Abstract

Porphyry Cu-(Mo-Au) deposits are relatively rare but reproducible products of subduction-related magmatism. No unique processes appear to be required for their formation, although additive combinations of common tectono-magmatic processes, or optimization of these processes, can affect the grade and size as well as the location of the resulting deposits. These various contributing processes are reviewed, from partial melting in the mantle wedge overlying the subducting plate, through processes of magma interaction with the lithosphere, to mechanisms for magma emplacement and volatile exsolution in the upper crust. Specific ore-forming processes, such as magmatic-hydrothermal fluid evolution, are not discussed.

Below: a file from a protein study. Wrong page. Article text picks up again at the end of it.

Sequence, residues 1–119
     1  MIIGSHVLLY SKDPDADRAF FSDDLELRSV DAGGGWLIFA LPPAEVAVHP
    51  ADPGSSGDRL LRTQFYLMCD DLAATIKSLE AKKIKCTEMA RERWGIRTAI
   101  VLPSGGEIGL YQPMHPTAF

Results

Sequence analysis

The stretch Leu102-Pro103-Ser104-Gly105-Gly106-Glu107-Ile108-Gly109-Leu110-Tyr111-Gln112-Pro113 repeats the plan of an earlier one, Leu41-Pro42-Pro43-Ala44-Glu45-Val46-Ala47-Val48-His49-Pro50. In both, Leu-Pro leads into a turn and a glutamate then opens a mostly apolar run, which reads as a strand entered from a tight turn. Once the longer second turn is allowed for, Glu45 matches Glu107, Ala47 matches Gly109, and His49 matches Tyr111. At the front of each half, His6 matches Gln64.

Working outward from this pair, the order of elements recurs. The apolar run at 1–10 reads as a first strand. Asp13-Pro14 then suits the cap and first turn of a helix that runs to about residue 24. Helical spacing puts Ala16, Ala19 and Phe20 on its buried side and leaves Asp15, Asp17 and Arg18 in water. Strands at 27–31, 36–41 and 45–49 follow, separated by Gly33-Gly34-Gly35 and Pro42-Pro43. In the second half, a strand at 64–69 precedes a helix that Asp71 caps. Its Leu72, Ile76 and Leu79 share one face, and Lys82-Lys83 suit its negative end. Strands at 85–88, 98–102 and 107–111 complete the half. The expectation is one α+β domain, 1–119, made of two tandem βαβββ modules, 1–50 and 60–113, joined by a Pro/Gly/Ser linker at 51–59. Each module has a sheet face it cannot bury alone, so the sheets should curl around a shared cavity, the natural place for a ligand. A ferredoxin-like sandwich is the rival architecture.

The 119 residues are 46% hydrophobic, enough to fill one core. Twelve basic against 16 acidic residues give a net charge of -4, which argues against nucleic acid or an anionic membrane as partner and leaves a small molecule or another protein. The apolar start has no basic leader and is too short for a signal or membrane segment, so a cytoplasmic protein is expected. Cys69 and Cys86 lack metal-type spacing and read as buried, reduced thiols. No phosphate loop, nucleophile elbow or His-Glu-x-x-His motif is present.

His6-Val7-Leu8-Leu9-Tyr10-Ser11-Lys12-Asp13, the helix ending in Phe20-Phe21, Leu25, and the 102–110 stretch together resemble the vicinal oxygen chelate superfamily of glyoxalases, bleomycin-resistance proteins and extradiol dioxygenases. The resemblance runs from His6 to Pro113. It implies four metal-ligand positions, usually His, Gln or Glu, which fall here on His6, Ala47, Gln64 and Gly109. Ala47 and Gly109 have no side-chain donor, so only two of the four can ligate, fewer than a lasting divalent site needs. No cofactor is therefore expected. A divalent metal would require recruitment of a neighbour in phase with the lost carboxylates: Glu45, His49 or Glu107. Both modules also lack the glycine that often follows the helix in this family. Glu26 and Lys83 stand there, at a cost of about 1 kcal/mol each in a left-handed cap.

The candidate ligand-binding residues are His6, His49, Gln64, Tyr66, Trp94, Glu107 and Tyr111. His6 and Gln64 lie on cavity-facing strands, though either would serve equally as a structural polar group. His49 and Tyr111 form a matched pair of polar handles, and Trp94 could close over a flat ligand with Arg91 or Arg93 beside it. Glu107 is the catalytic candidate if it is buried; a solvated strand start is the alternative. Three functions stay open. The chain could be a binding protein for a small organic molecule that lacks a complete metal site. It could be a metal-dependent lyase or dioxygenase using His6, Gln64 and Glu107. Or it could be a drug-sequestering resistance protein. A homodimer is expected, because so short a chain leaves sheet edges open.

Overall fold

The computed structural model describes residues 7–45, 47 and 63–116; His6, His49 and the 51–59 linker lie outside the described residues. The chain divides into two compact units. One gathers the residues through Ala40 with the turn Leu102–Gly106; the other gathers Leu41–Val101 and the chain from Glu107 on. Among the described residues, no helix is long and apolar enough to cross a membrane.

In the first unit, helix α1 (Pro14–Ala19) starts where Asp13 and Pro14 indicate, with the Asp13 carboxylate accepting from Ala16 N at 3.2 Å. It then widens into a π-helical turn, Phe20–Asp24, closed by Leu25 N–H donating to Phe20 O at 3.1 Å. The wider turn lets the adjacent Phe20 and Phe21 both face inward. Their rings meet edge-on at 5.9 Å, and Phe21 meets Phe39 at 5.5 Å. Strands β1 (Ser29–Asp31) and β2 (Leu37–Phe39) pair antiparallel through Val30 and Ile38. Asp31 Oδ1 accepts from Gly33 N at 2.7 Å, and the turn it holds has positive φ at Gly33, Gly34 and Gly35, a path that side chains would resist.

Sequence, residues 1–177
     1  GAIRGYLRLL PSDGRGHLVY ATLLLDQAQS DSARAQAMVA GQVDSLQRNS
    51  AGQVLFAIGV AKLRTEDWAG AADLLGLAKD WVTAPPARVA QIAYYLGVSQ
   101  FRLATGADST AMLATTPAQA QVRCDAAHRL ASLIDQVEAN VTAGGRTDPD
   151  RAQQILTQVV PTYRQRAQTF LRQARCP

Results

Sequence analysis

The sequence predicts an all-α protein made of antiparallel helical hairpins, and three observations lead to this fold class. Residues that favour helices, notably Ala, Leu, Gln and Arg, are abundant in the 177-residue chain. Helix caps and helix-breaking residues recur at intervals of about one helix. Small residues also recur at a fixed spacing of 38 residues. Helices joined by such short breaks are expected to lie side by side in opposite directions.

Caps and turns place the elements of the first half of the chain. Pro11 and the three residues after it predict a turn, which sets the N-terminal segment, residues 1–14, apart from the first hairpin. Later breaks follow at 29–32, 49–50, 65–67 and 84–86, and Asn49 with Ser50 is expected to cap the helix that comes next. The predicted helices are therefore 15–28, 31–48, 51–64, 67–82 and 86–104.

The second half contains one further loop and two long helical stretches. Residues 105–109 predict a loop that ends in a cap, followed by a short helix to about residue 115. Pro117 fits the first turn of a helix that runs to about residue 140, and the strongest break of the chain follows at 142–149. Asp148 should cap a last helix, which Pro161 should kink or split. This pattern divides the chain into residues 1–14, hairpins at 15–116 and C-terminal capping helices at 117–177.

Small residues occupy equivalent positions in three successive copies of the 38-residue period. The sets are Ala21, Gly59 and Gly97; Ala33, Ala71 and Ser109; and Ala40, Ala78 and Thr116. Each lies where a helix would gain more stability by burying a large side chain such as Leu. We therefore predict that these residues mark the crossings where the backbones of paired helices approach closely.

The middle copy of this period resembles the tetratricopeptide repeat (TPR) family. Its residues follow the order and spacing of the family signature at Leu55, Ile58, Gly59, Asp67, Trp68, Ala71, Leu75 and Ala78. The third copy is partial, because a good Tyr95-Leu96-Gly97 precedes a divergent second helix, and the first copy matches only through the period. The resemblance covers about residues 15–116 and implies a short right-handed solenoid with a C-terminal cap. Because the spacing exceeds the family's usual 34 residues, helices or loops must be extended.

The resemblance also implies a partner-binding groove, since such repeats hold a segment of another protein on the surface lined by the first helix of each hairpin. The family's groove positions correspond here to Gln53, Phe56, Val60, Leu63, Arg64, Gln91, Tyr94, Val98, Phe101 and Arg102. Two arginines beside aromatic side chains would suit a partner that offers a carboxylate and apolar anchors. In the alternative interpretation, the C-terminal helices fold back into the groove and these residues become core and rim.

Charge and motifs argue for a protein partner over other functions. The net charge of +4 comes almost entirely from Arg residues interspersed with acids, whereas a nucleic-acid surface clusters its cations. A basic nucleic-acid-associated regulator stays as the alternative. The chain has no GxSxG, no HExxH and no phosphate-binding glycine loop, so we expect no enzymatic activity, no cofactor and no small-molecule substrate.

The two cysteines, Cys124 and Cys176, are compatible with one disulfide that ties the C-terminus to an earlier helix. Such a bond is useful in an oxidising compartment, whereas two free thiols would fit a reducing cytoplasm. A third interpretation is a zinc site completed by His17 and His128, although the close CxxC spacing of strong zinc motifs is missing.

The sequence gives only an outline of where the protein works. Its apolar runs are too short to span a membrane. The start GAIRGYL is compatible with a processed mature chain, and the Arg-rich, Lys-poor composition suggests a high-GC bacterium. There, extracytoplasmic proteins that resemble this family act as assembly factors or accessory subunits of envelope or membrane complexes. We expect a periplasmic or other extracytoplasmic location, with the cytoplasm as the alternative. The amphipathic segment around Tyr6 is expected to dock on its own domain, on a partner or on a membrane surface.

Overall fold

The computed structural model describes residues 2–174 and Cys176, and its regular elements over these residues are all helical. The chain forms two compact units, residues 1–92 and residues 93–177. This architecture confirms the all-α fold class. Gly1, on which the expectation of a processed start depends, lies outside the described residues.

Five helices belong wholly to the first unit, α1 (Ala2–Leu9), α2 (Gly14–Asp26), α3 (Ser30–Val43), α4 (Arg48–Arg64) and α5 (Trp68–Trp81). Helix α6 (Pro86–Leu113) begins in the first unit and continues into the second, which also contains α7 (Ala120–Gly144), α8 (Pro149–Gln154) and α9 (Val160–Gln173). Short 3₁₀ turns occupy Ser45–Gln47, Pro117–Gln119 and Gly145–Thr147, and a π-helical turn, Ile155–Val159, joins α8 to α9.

Hot, hydrous, relatively oxidized, sulfur-rich mafic magmas (predominantly basalts) generated in the metasomatized mantle wedge above a subducting oceanic slab rise buoyantly to the base of the overlying crust where they stall due to density contrasts. Because these magmas are oxidized, sulfur is dominantly present as sulfate, and chalcophile elements such as Cu and Au are incompatible (i.e., they are retained in the melt). As these magmas begin to crystallize they release heat which causes partial melting of crustal rocks. Mixing between crustal- and mantle-derived magmas yields evolved (andesitic to dacitic), volatile-rich, metalliferous, hybrid magmas, which are of sufficiently low density to rise through the crust. Magma ascent is driven primarily by buoyancy forces and is dominantly a fracture-controlled phenomenon. As such, crustal stress and strain patterns play an important role in guiding the ascent of magma from the lower crust. In particular, translithospheric, orogen-parallel, strike-slip structures serve as a primary control on magma emplacement in many volcanic arcs worldwide. A feedback mechanism operates, whereby preexisting faults facilitate magma ascent, the heat from which further weakens the crust and focuses strain. Certain structural geometries, such as fault jogs, step-overs, and fault intersections, offer low-stress extensional volumes during transpressional strain. Such sites represent vertical conduits of relatively high permeability, up which magmas will preferentially ascend. Large upper crustal plutonic complexes may therefore be localized within these structural settings. Having delivered a sufficient volume of evolved, fertile arc magma to a focused position in the upper crust, magmatic fractionation, recharge, and volatile exsolution lead to the development of ore-forming magmatic-hydrothermal systems. To a first approximation, the size of the resulting deposit will be limited by the magma volume delivered to the upper crustal magma chamber. System-specific details such as magmatic-hydrothermal evolution, the nature of the country rocks, and subsequent erosional and weathering history will ultimately control the value of the deposit, but these factors fall outside the scope of this paper.

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